This objective was significantly impacted by the COVID-19 pandemic. Thelma Heidel-Baker, a Wisconsin grazier who has given several Grazing Ambassador presentations, was contracted to update the Grazing Ambassador program and materials. An updated presentation slideshow was developed and a new photo collection & storage system was implemented, but limitations on in-person gatherings prevented presentations from being held as planned. GrassWorks intends to use the revised slideshow to re-launch these Grazing Ambassador presentations.
The Grazing Ambassador program has been updated and expanded by farmer and project partner Thelma Heidel-Baker, who has held two "virtual" versions of the presentation for small audiences in 2021.
Quarterly in-person trainings were held for grazing-focused agency staff (the "G-Team") throughout the three-year duration of the project.
Quarterly in-person trainings were held for grazing-focused agency staff (the "G-Team") throughout the three-year duration of the project: one in each of the three collaborating RC&D areas, which may include a pasture walk or other hands-on event, and a winter meeting for agency staff in conjunction with the annual GrassWorks conference.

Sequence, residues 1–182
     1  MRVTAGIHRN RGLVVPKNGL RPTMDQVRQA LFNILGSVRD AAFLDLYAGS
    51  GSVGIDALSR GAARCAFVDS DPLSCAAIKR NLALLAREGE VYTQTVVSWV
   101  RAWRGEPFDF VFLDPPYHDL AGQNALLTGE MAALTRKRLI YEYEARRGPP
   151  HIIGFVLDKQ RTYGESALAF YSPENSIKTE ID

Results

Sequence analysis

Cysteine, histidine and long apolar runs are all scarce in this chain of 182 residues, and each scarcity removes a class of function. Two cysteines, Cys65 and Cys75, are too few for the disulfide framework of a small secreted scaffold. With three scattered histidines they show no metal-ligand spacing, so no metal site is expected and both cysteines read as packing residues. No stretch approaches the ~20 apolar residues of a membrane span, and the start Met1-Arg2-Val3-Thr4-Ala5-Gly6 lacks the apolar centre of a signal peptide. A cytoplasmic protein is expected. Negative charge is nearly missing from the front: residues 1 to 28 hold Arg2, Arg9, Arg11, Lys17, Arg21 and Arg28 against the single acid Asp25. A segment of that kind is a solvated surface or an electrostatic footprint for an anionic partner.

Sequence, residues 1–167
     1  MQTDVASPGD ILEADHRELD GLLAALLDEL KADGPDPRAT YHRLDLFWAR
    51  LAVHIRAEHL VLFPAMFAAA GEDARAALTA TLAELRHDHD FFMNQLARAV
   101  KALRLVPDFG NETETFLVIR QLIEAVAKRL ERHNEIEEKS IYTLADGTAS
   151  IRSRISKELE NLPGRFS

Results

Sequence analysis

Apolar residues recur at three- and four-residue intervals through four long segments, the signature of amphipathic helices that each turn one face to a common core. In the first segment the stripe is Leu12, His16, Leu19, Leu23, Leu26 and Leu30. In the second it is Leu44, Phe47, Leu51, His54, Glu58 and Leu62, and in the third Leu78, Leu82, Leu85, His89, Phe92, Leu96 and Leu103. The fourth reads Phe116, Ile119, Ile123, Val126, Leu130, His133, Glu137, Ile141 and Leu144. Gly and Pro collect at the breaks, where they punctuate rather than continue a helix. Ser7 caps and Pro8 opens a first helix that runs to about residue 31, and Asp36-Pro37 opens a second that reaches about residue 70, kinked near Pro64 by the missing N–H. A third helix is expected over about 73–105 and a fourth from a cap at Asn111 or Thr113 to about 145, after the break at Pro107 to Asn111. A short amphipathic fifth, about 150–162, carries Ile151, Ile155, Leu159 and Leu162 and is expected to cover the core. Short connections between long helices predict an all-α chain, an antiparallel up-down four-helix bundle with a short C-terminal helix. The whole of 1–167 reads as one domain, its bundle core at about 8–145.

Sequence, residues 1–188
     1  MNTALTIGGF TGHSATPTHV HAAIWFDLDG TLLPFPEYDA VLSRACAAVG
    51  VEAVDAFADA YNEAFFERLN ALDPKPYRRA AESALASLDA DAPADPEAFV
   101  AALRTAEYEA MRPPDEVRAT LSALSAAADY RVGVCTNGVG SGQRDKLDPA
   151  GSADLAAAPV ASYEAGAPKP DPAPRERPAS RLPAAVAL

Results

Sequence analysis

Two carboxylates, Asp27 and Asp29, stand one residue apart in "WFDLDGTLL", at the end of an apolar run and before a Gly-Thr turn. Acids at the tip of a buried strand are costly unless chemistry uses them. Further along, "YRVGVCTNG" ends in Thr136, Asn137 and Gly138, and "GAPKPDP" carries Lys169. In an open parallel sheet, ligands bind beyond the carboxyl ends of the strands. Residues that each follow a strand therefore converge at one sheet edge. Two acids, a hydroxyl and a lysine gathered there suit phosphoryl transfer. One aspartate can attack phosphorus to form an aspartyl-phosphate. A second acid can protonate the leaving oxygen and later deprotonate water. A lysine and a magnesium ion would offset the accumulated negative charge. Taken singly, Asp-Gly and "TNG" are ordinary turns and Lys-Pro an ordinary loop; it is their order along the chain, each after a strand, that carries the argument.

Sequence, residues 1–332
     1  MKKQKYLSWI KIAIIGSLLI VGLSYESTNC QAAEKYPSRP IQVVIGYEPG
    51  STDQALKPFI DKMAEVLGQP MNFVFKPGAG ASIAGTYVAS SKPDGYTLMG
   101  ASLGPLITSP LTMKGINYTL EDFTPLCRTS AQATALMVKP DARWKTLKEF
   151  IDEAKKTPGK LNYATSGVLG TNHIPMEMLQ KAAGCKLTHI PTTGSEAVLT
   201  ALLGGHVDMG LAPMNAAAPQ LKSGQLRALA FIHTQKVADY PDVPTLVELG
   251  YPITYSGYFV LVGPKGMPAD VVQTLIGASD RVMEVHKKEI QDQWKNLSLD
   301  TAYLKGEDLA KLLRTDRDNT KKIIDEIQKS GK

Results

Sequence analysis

Despite the COVID-19 pandemic, we were able to shift many of these meetings as online webinars, and have held nine meetings to date (details below):
Aug. 15th, 2019 - Marshfield Ag Research Station - 32 attendees
Nov 12th, 2019 - Marshfield Ag Research Station - 45 attendees
Jan 23rd, 2020 - Chula Vista Resort (GrassWorks conference) - 29 attendees
May 7th, 2020 - online webinar - 131 attendees
Sep 29th, 2020 - online webinar - approximately 40 attendees
Nov 17th, 2020 - online webinar - 49 attendees
April 20th, 2021 - online webinar - approximately 50 attendees
Sep 23rd, 2021 - Marshfield Ag Research Station - approximately 50 in-person attendees
Dec 7th, 2021 - online webinar - approximately 50 attendees